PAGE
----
Zimbardo referred his own previous research of the Stanford Prison Study as showing remarkable parallels to the situation in Abu Ghraib.
The Stanford Prison Study
In the summer of 1971, Zimbardo conducted his most notable study – the notorious Stanford Prison Experiment.
Twenty four normal young men who were students on their summer holidays volunteered for this study. Zimbardo randomly assigned to them either the role of prisoner or guard in his simulation planned for two weeks in the specially built dungeon in a basement corridor of Stanford University.
Zimbardo contributed to his volunteer prisoners’ loss of identity by arranging for real police to arrest them at their home and bring them the prison blindfold. He then had his young volunteers stripped, showered deloused and gave them smocks to wear with ID numbers and put chains on their legs.
At the same time he gave the guards khaki uniforms, mirrored sunglasses and truncheons. Zimbardo told the guards not to physically hit the prisoners but did not give the guards any specific instructions beyond keeping order in the prison.
The guards strongly identified with the role they had been given and exerted their authority by ordering the prisoners around and giving them push-ups and solitary confinement as punishments. On one occasion they quelled a prisoner rebellion using fire extinguishers.
In the simulation Zimbardo acted as the prison warder rather than an objective observer. It was his girlfriend and future wife Christina Maslach who helped Zimbardo to see what was really happening in the experiment.
He eventually called a halt to the study after six days due to the sadistic behaviour of the guards and the prisoners showing signs of depression. Zimbardo is very critical of the ethics of his own actions in this study but he still believes that the study showed some very important principles.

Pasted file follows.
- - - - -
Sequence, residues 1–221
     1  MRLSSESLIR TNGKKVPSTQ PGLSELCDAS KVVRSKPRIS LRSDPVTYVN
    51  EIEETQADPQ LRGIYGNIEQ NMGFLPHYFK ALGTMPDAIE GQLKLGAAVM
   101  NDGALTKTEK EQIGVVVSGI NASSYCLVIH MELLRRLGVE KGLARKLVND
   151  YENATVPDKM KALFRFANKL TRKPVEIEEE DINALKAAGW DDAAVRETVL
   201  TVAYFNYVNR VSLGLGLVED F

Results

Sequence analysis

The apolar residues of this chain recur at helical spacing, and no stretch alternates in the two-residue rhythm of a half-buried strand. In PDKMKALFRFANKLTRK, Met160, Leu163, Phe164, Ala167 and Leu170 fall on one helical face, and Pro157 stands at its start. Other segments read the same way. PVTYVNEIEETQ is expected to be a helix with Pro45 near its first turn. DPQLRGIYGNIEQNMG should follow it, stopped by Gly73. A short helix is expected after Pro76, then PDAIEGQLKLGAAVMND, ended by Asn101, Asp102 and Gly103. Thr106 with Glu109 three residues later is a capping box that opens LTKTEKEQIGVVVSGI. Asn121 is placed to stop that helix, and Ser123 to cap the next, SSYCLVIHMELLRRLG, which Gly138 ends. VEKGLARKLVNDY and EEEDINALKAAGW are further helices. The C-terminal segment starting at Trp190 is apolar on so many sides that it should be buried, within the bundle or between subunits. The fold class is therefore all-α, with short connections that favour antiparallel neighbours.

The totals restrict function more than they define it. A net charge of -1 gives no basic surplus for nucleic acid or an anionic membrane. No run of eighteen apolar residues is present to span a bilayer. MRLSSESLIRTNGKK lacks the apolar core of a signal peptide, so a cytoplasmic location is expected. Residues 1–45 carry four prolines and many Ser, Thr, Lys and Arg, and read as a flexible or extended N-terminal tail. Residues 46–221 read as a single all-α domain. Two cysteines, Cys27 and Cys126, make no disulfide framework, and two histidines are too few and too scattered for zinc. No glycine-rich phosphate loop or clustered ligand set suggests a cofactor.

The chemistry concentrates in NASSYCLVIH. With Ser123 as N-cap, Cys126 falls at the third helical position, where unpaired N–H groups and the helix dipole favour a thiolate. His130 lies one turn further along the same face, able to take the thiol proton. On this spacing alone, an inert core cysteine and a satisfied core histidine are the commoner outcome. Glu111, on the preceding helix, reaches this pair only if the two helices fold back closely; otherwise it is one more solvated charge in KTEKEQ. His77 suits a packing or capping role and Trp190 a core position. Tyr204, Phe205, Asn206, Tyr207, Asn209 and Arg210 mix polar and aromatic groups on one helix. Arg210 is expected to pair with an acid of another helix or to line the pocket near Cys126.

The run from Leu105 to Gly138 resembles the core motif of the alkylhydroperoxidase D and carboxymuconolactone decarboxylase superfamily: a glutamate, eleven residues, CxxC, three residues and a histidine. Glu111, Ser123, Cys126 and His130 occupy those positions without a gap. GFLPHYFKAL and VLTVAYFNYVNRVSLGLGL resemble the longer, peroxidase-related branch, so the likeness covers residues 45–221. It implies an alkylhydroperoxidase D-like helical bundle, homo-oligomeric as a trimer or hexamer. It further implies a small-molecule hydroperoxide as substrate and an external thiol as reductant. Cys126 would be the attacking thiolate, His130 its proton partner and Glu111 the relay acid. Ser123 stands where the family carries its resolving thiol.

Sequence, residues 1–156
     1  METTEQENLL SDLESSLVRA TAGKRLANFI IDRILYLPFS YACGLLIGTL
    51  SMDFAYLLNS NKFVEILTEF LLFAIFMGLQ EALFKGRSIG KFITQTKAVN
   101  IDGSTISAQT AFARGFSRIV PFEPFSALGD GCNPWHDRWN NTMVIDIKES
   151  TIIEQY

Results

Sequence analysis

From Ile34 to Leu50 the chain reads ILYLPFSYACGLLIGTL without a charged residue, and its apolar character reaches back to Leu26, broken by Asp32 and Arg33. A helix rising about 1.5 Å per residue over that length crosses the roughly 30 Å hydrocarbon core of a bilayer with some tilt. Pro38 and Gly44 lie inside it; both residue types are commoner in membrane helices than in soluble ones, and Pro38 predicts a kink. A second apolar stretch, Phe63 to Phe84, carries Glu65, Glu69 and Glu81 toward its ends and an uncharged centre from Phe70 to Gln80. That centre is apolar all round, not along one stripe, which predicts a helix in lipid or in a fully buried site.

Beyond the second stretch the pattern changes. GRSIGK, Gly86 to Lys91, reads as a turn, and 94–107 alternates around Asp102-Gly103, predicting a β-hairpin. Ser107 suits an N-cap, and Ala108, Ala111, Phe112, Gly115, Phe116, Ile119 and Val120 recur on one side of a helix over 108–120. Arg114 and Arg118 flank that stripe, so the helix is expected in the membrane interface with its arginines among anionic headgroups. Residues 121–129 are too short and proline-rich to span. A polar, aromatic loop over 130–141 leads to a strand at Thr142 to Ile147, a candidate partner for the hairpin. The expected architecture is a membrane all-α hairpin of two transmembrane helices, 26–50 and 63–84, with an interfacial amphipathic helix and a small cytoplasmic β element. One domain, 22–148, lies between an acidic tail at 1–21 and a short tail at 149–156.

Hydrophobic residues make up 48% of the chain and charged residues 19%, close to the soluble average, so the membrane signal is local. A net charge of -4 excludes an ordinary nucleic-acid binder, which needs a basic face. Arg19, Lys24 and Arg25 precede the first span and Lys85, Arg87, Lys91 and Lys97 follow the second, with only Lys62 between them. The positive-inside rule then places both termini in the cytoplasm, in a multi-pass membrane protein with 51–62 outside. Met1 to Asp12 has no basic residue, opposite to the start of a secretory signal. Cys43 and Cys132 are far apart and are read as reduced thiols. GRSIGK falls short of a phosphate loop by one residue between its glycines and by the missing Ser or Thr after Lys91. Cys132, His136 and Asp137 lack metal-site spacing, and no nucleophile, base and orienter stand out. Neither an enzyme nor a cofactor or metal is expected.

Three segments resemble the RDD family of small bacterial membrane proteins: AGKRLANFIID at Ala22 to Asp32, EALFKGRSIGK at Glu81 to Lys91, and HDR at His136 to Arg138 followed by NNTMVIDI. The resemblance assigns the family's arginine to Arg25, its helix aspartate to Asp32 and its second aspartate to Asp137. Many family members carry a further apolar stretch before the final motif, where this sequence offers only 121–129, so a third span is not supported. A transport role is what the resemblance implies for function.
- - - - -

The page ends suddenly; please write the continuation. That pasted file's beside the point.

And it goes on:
The Shyness Clinic
After completing the Prison Study, Zimbardo wanted to have a more positive influence and began by researching into shyness.
He went on to found The Shyness Clinic where he tested various interventions for shyness first with the students and staff and then with members of the local community. He has carried out research and published several best sellers on shyness.
The Shyness Clinic is now housed in the clinic of the Pacific Graduate School of Psychology in Palo Alto, where it is both a treatment and research centre.
Zimbardo has written many books.
He has researched into psychopathology, persuasion and cognitive dissonance. He is also interested in hypnotism and the role of personality factors in politics.
He has also been a social-political activist, challenging the United States’ wars in Vietnam and Iraq.
The Heroic Imagination Project
The Banality of Heroism by Philip Zimbardo in Greater Good Magazine
Philip Zimbardo profile and articles in Greater Good Magazine
The Stanford Prison Experiment
The Shyness Clinic
Philip Zimbardo on Amazon.co.uk and Amazon.com